Why Wes Edens Bets Against the Odds
Wesley Edens is not known to bet on a sure thing. The co-founder of Fortress Investment Group was among the first to go back into subprime lending not long after the housing crisis. Fortress Investment now has $3 billion to set a railroad across Florida while other investment groups are looking towards autonomous cars. Now Wes Edens is a co-owner of the Milwaukee Bucks, a team that hasn’t won an NBA championship in about 50 years. Now he’s bought a portion of another struggling team, soccer club Aston Villa.
Wes Edens co-founded Fortress Investment in the late 90s, and by the time the group was ready to go public in 2007 his stake was at $2.3 billion. He’d sell it off a decade later for $3.3 billion. That came about after major losses in 2007, which wasn’t uncommon for investment group. Recovery for that year meant Edens had to show up to work, everyday with the exception of four Sundays. At this time, shares dropped to less than $1. Read More on Wikiquote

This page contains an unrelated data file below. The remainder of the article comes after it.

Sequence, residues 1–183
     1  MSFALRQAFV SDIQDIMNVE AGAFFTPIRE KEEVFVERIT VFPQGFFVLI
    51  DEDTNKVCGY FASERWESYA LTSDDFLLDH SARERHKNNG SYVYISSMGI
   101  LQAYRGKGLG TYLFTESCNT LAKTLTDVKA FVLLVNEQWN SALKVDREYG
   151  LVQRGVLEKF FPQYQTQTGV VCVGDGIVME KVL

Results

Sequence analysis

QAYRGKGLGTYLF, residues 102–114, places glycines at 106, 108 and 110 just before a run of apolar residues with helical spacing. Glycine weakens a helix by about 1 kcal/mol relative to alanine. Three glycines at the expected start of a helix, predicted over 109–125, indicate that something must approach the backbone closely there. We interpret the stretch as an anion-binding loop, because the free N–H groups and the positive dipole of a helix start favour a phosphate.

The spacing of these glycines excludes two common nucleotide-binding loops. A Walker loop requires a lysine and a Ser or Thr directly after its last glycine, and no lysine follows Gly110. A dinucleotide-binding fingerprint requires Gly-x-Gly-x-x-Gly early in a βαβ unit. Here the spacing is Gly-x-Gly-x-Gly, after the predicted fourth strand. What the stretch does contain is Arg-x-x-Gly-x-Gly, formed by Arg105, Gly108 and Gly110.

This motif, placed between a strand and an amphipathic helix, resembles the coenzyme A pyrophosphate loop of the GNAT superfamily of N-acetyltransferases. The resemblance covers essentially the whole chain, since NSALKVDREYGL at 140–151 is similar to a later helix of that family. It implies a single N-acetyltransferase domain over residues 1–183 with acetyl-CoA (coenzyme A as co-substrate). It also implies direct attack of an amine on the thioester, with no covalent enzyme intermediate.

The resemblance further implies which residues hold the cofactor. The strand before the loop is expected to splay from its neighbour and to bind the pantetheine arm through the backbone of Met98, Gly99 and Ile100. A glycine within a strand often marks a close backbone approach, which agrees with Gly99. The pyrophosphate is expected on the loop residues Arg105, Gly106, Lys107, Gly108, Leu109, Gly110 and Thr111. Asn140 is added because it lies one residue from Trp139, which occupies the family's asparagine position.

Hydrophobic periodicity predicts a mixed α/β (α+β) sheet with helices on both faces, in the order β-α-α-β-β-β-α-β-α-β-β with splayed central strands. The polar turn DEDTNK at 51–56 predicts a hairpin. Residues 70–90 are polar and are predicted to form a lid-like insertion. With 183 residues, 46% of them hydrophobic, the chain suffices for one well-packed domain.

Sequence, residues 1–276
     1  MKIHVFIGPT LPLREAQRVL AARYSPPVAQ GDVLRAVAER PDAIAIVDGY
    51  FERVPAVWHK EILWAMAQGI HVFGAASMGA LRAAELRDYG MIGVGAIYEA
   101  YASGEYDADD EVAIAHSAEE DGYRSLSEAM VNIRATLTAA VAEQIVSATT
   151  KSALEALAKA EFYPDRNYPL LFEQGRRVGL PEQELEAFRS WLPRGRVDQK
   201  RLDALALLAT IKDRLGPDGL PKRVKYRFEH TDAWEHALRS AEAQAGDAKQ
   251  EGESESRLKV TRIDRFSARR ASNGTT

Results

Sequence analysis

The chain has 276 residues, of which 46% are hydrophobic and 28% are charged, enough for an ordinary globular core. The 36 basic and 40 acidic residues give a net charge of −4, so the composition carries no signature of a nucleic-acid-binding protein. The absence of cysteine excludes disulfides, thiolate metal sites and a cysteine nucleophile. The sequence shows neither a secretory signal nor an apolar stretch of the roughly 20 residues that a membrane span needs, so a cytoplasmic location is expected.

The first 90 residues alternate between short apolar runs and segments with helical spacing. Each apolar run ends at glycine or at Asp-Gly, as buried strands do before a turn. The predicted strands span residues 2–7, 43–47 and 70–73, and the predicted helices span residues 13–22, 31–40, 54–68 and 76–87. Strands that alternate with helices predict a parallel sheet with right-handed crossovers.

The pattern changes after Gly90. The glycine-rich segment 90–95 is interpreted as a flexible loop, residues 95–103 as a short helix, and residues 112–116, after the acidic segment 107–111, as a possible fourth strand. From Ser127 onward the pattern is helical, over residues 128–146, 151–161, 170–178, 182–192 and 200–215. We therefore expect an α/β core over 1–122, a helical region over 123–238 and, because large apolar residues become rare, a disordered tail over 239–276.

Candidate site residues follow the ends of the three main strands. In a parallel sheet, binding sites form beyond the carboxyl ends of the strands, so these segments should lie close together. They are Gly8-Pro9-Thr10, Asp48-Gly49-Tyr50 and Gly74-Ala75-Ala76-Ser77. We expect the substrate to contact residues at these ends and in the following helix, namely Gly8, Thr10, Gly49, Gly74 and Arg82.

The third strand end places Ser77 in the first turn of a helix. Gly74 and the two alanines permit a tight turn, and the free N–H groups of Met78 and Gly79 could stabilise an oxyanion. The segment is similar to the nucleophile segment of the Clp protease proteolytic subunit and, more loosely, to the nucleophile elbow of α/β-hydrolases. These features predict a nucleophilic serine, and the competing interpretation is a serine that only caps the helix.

What inspires choices like these for an investor who faced the potential end of his investment group? A book by Henry Flagler, founder of Standard Oil. Wes Edens said the story about trains and hotels across Florida in the 1800s inspired his railroad venture, Brightline. Now it takes passengers from Fort Lauderdale to Palm Beach, from Miami to Orlando. The idea was to bridge the gap between airports, to provide options to travelers when driving seems too taxing, and wants to expand to other cities.
Brightline has its critics, like other investments Wes Edens has made, but it doesn’t deter his instincts. In addition to buying into the Milwaukee Bucks, he’s paying for a new arena for the team. With some city and county assistance, the construction project ran about $524 million to complete. Everything from cost to the design of the arena have been scrutinized, but Edens remains convinced that it’s not just an attractive building but will play a big role in bringing new life to Milwaukee’s downtown.
While Wes Edens remains confident in his choices, he admits that happiness eludes him with his sports team and won’t be satisfied until he’s holding the Larry O’Brien trophy.